LONDON/NEW YORK (Reuters) - Large companies from carmaker Tesla Inc to business intelligence firm MicroStrategy Inc have swapped billions of dollars in cash for bitcoin in recent months.
Yet hurdles remain for the quick dawn of a wider trend of major corporations holding bitcoin, from the cryptocurrency’s volatility to reputational risk, financial chiefs and accountants told Reuters. Main story:
Here are some of the key questions over cryptocurrency bookkeeping and tax:
HOW DOES CRYPTO ACCOUNTING WORK?
The bookkeeping rules used by U.S. companies make no specific reference to cryptocurrencies such as bitcoin.
Under guidance from 2019 issued by the U.S. accounting trade body, companies account for bitcoin under rules for “intangible assets” such as intellectual property.
Companies record the value of bitcoin at the time of purchase in their accounts. If the price rises, they cannot log those gains until they sell. Yet if the value of bitcoin drops, the company must write down the value of their holdings as an impairment charge.
Outside the United States, where companies operate under a separate set of rules, crypto is accounted for differently.
Companies that own digital coins for sale as part of their normal business hold them as inventories at cost price. Others, such as broker-traders, can hold such inventories at market value, said the International Financial Reporting Standards Foundation, which sets rules for most non-U.S. corporations.
Other companies hold their cryptocurrencies as intangible assets, like in the United States. Yet they can reverse any writedowns back to original cost if the value of the coin rises again. In some other cases, companies that record crypto as intangible assets can gauge the value of their crypto holdings at market value.
WHAT DO TESLA AND OTHERS DO?
Most of the publicly listed companies that hold bitcoin on their balance sheets are specialist cryptocurrency or blockchain firms, according to Bitcoin Treasuries bitcointreasuries.org.
But last month, Tesla became the highest-profile mainstream company to shift some of its coffers to bitcoin from cash, making a $1.5 billion bet on the digital currency.
In a regulatory filing, it said the bitcoin would be accounted for as “indefinite-lived intangible assets”, warning it could face impairment charges if their price falls.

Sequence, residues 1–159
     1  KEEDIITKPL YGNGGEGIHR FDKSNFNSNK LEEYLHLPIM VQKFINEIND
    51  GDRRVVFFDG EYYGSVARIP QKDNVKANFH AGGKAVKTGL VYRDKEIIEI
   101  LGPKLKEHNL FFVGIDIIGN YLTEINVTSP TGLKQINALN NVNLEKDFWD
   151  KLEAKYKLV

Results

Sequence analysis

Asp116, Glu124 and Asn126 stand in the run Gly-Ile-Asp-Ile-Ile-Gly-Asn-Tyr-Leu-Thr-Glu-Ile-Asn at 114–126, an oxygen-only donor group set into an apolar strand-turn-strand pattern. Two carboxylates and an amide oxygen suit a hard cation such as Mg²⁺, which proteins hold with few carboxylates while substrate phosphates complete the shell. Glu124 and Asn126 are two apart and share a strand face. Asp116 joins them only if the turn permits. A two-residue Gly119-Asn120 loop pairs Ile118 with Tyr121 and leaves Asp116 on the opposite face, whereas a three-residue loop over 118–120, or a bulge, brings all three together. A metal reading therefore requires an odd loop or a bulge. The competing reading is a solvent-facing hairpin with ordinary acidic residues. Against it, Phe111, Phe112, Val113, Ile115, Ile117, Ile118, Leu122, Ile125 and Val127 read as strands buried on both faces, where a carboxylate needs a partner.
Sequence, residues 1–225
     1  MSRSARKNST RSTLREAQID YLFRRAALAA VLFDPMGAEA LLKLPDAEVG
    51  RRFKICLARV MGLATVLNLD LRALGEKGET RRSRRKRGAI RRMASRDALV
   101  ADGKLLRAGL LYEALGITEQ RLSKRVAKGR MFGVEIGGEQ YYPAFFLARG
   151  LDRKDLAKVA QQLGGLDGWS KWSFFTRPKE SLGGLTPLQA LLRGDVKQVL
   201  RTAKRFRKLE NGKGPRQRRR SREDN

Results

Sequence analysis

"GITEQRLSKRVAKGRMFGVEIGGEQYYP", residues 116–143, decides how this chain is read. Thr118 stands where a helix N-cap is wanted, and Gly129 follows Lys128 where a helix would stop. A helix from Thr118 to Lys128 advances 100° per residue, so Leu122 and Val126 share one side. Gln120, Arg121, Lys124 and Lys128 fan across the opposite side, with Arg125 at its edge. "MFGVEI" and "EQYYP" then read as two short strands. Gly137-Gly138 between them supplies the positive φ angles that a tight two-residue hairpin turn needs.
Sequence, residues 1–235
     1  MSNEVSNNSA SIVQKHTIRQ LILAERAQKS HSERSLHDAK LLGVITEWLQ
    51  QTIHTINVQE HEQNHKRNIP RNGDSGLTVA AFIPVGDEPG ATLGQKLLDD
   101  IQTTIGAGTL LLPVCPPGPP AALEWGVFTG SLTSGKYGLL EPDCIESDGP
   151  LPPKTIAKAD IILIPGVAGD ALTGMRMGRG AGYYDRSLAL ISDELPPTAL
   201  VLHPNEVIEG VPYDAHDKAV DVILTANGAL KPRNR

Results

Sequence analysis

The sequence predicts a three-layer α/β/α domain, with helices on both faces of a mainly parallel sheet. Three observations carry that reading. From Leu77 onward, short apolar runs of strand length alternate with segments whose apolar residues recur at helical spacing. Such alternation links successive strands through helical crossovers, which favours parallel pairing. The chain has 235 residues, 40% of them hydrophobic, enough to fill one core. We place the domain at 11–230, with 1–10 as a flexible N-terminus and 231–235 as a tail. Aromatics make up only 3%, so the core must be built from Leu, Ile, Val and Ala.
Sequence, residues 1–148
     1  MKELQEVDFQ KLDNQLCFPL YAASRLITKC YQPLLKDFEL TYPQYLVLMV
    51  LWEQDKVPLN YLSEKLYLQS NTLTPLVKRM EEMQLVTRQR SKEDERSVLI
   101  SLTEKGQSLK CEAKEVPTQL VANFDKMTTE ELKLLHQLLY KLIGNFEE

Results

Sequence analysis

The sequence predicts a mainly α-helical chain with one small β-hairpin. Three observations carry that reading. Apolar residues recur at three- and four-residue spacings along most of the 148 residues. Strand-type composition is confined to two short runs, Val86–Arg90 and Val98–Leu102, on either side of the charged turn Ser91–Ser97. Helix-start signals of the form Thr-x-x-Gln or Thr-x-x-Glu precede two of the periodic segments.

MicroStrategy Inc, led by bitcoin proponent Michael Saylor, holds around 91,000 bitcoin. Its holdings are worth around $4.6 billion, according to a Reuters calculation.
It analyses bitcoin prices on cryptocurrency exchanges each quarter, with any fall in the value of the asset after their purchase leading to an impairment charge, according to a securities filing last month.
Payments firm Square Inc has also converted large chunks of its balance sheet into bitcoin, with boss Jack Dorsey promising to “double down” on its commitment to the cryptocurrency.
Square says it will recognise any decreases in market prices below the original cost as an impairment charge but, in line with accounting standards, will not mark up the value if the price increases.
In its most recent regulatory filings, Square goes into detail about some of the security and custody risks involving bitcoin. It listed losing access as an operational risk, with a hack or data loss potentially harming trust in the company.
It also counted bitcoin volatility and impairment among its legal, regulatory and compliance risks.
AND WHAT ABOUT TAX?
Cryptocurrencies are treated as property under federal U.S. tax rules.
Companies can be liable for capital gains tax whenever they sell a cryptocurrency. The amount paid depends on how long they have held the coin and the market value at the time of the transaction.
MicroStrategy warned in a filing to U.S. regulators last month that it could face a tax bill for any gains it made from selling bitcoin and that “such tax liability could be material”.
Other major countries follow similar rules.
In Britain, for example, the type of tax paid for trading digital currencies or accepting payment in crypto depends on who is involved in the business, according to the UK tax agency.
Such activity will likely incur capital gains tax, corporation tax or other duties, it said.
(This story refiles to correct typo in headline)
Reporting by Tom Wilson and Anna Irrera in London and Jessica DiNapoli in New York; Editing by Pravin Char
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